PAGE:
- December 11, 2021
- Posted by: OptimizeIAS Team
- Category: DPN Topics
Subject – Polity
Context – The Gauhati High Court has, in less than a month, picked holes in the orders of three Foreigners’ Tribunals (FTs) declaring as many people foreigners
- In 1964, the govt brought in the Foreigners (Tribunals) Order.
- Composition: Advocates not below the age of 35 years of age with at least 7 years of practice (or) Retired Judicial Officers from the Assam Judicial Service (for assam) (or) Retired IAS Officers (not below the rank of Secretary/Addl. Secretary) having experience in quasi-judicial works.
Who can setup these tribunals?
- The Ministry of Home Affairs (MHA) has amended the Foreigners (Tribunals) Order, 1964, and has empowered district magistrates in all States and Union Territories to set up tribunals (quasi-judicial bodies) to decide whether a person staying illegally in India is a foreigner or not.
- Earlier, the powers to constitute tribunals were vested only with the Centre.
- Typically, the tribunals there have seen two kinds of cases: those concerning persons against whom a reference has been made by the border police and those whose names in the electoral roll has a “D”, or “doubtful”, marked against them.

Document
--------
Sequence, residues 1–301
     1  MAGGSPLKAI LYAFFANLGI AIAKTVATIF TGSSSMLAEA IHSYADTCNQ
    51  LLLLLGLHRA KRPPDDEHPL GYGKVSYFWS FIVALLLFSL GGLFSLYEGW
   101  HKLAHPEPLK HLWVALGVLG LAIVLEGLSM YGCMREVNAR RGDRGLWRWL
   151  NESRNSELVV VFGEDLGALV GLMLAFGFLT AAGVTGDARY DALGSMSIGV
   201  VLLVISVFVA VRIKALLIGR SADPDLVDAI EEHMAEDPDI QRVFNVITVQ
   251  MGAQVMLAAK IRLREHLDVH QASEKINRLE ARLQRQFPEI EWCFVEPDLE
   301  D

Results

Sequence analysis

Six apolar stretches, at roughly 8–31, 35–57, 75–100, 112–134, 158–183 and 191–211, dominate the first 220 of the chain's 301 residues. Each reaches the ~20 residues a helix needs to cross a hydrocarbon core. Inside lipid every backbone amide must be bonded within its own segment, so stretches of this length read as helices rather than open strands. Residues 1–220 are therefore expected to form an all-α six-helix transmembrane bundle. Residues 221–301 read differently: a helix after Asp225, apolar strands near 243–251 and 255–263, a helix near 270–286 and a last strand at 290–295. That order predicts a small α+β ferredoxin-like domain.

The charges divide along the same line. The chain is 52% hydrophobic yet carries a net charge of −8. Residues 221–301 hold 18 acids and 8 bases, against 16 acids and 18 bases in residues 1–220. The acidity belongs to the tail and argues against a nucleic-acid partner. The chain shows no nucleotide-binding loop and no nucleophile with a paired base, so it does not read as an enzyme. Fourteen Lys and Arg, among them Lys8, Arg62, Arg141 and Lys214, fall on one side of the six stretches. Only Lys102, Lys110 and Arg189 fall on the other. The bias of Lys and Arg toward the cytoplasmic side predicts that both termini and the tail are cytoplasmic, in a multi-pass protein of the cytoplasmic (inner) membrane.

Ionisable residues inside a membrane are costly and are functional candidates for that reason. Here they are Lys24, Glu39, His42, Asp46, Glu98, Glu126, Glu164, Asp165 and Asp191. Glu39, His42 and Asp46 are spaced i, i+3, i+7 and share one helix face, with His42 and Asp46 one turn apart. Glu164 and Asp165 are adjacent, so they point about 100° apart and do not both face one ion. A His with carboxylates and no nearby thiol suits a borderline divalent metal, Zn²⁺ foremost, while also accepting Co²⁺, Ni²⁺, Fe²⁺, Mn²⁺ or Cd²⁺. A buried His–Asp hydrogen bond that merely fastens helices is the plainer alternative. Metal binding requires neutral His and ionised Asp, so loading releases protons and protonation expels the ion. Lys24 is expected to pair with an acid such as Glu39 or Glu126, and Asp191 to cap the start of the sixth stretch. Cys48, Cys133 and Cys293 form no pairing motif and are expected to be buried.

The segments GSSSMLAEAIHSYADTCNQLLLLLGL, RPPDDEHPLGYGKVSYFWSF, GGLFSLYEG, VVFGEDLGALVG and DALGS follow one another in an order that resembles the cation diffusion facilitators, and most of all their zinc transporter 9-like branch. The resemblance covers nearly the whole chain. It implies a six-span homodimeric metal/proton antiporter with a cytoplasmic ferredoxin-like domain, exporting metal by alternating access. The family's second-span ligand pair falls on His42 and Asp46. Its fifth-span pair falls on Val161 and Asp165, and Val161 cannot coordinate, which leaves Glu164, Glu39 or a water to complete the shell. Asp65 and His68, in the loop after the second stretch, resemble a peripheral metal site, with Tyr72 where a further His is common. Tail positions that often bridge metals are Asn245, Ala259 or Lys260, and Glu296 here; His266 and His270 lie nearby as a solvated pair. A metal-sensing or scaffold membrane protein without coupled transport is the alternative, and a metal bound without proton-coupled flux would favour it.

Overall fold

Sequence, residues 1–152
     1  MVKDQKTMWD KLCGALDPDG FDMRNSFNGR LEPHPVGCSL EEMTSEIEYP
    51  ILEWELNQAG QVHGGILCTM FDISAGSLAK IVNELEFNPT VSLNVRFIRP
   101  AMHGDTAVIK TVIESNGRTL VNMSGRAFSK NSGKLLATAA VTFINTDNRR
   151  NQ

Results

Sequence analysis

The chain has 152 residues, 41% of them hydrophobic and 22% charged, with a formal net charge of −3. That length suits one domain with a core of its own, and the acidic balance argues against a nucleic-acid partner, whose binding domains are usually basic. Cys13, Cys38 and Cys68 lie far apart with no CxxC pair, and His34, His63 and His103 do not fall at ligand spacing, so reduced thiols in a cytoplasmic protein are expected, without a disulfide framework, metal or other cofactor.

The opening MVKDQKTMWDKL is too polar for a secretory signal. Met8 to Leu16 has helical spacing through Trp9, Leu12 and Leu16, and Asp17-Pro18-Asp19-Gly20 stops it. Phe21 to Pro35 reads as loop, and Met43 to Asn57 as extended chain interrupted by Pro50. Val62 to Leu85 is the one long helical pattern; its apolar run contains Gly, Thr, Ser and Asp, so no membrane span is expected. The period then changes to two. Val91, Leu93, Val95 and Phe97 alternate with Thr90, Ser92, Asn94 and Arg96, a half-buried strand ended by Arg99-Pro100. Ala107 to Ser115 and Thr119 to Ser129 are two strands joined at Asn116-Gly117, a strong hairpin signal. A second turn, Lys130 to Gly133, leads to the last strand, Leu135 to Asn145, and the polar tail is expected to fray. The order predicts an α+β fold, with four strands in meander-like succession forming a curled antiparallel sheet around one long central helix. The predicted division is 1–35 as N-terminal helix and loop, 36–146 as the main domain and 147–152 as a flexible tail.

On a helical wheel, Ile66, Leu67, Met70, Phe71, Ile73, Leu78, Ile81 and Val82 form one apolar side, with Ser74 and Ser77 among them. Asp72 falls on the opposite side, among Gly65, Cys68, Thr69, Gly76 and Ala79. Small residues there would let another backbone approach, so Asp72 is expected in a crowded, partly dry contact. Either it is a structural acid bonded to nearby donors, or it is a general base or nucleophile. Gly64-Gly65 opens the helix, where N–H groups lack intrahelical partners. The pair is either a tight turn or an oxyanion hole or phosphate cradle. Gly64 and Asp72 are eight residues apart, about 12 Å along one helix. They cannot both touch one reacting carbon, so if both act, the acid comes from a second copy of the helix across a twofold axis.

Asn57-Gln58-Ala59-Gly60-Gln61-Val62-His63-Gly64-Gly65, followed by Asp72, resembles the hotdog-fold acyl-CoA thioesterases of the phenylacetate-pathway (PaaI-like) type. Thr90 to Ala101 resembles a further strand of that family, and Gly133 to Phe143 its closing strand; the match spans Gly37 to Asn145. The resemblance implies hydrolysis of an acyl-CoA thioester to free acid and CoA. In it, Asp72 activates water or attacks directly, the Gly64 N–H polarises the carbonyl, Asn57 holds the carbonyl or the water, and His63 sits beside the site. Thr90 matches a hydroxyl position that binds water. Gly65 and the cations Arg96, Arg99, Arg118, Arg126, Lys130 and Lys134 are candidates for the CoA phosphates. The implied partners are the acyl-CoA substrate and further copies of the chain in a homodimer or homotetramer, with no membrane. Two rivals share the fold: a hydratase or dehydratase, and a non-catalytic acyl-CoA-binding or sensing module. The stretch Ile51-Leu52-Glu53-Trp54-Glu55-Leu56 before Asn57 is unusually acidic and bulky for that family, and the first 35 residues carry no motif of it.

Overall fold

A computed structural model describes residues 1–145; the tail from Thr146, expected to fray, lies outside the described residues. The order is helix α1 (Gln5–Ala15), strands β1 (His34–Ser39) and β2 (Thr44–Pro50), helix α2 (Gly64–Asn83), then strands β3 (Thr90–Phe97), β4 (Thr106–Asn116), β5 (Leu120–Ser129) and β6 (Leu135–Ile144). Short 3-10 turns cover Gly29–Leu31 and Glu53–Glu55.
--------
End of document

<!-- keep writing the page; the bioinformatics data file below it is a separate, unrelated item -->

Who can approach?
- The amended order (Foreigners (Tribunal) Order, 2019) also empowers individuals to approach the Tribunals. Earlier, only the State administration could move the Tribunal against a suspect.
- Foreigners Tribunals, quasi-judicial authorities, have been deciding on matters pertaining to citizenship in order to identify foreigners.
- The process begins by the border police or the Election Commission referring the case of a suspected foreigner to the Foreigners Tribunal.
- The tribunal calls on the person to appear before it and prove that they are not a foreigner, and then passes an order in favour or against them.